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Bartholomew
10-28-2008, 08:45 PM
What would you call a system of codefied ethics and morals that ignored divinity, myth, and the questions of beforelife and afterlife?

For instance, what if someone took the bible, the koran, and the pali canon, and shredded them of their mystical trappings, leaving behind a few selections of pages.

In them, one would find the last seven commandments of the Christian Decalogue, the Four Noble Truths and Eightfold Path, and the Koranic social laws which do not pertain to God.

Suppose a group of people, for the sake of greater social good, adopted these three aspects of these three religions.

What would you call their amalgamation? A philosophy? An atheistic religion? Something else?

Opine!

mab
10-28-2008, 08:53 PM
Sounds a bit like an ideal version of 'the law' to me! Its an interesting idea. But if you're an existentialist I supose you make your own laws....

Williebee
10-28-2008, 08:56 PM
"The Accord" ?

"The Oath" ?

"The Laws" ?

"The Code" Arr ?

Bartholomew
10-28-2008, 09:04 PM
"The Accord" ?

"The Oath" ?

"The Laws" ?

"The Code" Arr ?

Cool ideas for a specific name. I'm really looking for umbrella terms, though.

"It isn't a religion," he replied, "It's a(n) _______."

Bartholomew
10-28-2008, 09:06 PM
Sounds a bit like an ideal version of 'the law' to me! Its an interesting idea. But if you're an existentialist I supose you make your own laws....

Maybe.

I got into a rather banal arguement with a mahayana Buddhist from the Nichiren sect, and realized that my beliefs aren't *exactly* in line with common Buddhist beliefs, though I hold that they are in line with the Buddha's original intent.

I'm seriously thinking of starting my own "religion." Of unifying the various things of value I believe humanity has expounded or uncovered over the years, and leaving enough room for the spiritual to still proclaim their God exists.

Dale Emery
10-28-2008, 09:16 PM
An ethic
A code of ethics
A credo
A philosophy
A worldview
A canon
A pact or compact
A constitution
Values
The Way
The Path

And there must be some words that suggest how the principles were derived (i.e. by distilling them from the great moral texts of humanity).

Dale

Medievalist
10-28-2008, 09:21 PM
What would you call a system of codefied morals that ignored divinity, myth, and the questions of beforelife and afterlife?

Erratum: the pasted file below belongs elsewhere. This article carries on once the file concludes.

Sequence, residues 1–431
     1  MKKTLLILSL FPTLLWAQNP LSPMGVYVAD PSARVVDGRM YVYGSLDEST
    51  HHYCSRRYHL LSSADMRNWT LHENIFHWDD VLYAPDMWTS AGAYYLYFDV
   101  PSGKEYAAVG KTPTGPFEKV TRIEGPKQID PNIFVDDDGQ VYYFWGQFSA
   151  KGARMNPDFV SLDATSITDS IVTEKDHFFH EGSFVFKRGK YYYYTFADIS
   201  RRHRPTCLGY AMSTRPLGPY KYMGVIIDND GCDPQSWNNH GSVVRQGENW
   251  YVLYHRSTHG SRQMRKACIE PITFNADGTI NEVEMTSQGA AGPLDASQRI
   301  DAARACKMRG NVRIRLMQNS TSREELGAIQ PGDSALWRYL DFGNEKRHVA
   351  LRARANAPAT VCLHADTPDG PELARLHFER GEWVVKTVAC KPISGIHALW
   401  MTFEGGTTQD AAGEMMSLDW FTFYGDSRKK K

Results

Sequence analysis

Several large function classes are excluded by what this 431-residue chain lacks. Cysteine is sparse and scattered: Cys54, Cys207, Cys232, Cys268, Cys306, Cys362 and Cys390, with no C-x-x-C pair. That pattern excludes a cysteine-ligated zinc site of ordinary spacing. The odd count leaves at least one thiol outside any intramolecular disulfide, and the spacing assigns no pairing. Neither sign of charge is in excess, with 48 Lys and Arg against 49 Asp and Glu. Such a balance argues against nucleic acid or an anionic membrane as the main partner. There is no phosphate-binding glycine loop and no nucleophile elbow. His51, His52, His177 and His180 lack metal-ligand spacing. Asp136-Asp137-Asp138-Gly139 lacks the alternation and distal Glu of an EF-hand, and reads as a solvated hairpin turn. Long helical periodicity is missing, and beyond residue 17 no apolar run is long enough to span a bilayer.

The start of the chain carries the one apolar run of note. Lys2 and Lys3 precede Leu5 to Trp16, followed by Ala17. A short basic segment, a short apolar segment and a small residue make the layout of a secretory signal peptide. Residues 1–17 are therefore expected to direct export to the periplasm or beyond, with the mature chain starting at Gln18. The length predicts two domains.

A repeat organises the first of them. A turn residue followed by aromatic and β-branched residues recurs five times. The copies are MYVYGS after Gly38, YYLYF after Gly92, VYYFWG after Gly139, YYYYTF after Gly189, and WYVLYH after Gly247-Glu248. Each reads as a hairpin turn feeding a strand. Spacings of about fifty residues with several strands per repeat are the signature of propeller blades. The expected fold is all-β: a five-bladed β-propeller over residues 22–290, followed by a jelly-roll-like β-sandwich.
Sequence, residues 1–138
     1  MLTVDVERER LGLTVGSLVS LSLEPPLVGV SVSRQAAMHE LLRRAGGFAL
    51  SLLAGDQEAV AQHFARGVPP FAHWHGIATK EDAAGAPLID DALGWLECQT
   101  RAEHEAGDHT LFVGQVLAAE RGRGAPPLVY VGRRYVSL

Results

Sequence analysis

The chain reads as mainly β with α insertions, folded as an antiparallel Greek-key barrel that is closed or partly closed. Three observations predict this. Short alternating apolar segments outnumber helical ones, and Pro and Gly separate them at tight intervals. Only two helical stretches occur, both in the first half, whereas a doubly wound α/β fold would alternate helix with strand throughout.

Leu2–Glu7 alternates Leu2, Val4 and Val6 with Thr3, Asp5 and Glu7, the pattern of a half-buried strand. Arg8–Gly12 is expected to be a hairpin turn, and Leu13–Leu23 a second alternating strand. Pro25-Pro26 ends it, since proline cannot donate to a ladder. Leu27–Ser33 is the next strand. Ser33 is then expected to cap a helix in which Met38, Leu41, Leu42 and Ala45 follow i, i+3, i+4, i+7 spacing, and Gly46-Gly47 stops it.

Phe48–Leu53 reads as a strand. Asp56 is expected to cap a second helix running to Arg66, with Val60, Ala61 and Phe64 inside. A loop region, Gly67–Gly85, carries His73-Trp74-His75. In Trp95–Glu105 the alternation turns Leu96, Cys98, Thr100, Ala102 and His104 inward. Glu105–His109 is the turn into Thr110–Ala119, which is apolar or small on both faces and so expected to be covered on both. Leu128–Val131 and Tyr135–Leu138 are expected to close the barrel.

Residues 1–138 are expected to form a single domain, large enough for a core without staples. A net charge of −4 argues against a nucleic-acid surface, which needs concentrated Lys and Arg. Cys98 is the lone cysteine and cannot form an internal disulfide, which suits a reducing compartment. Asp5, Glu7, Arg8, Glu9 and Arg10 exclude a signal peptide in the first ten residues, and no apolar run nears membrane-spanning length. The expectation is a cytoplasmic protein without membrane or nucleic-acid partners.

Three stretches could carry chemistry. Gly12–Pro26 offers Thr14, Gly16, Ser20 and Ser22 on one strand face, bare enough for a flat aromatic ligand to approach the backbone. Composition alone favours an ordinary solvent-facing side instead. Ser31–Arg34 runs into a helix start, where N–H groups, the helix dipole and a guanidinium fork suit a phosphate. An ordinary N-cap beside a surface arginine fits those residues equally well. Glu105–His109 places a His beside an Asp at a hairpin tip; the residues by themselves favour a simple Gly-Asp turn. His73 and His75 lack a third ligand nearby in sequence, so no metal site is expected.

Morals are based on engaging in right behavior for fear of punishment.

Ethics are based on engaging in right behavior for its own sake.

Bartholomew
10-28-2008, 09:22 PM
A Constitution of Values Derived from Humanity's Greatest Creeds?

CoVaDeHuGreC.

Ew. X_X

Bartholomew
10-28-2008, 09:24 PM
Morals are based on engaging in right behavior for fear of punishment.

Ethics are based on engaging in right behavior for its own sake.

I'd best include both, then.

maxmordon
10-28-2008, 09:24 PM
A Constitution of Values Derived from Humanity's Greatest Creeds?

CoVaDeHuGreC.

Ew. X_X

Wasn't this Dune's Orange Catholic Bible?

veinglory
10-28-2008, 09:29 PM
This is hardly a hypothetical. There are many ethical frameworks devoid of religion. They (e.g. humanism, behaviorism, utilitarianism) are usually called philosophies. Religion is just a philosophy plus an invisible hall monitor ;)

Higgins
10-28-2008, 09:33 PM
This is hardly a hypothetical. There are many ethical frameworks devoid of religion. They (e.g. humanism, behaviorism, utilitarianism) are suually called philosophies. Religion is just a philosophy plus an invisible hall monitor ;)

And philosophy is just the nightmare of imagining we are all hall monitors.

Bartholomew
10-28-2008, 09:49 PM
This is hardly a hypothetical. There are many ethical frameworks devoid of religion. They (e.g. humanism, behaviorism, utilitarianism) are usually called philosophies. Religion is just a philosophy plus an invisible hall monitor ;)

How come such systems don't seem to attract the same numbers as religions do? What makes such an ethical framework less attractive?

Williebee
10-28-2008, 09:54 PM
Humanity's Greatest Creeds?

Now you've gone and gotten subjective on us.

But then, if it is to be your religion, that would be fine. :)

veinglory
10-28-2008, 10:03 PM
I think more people are utilitarian than are Christian. They just don't go on about it all the time, the don't even need to know the name of the creed--they just follow it. Utilitarianism is basically the creed that you should do as much good and as little harm as possible. Christianity is a partly a subset of it (and partly a subset of deontology.) I think you may mistake living according to a philosophy with mistaking it for a hobby, quest, cause, faction or political party. I would consider such category errors fallacies, not something to envy and emulate. The best philosophy is just part of living well, it may be utterly unconscious IMHO and still 100% effective.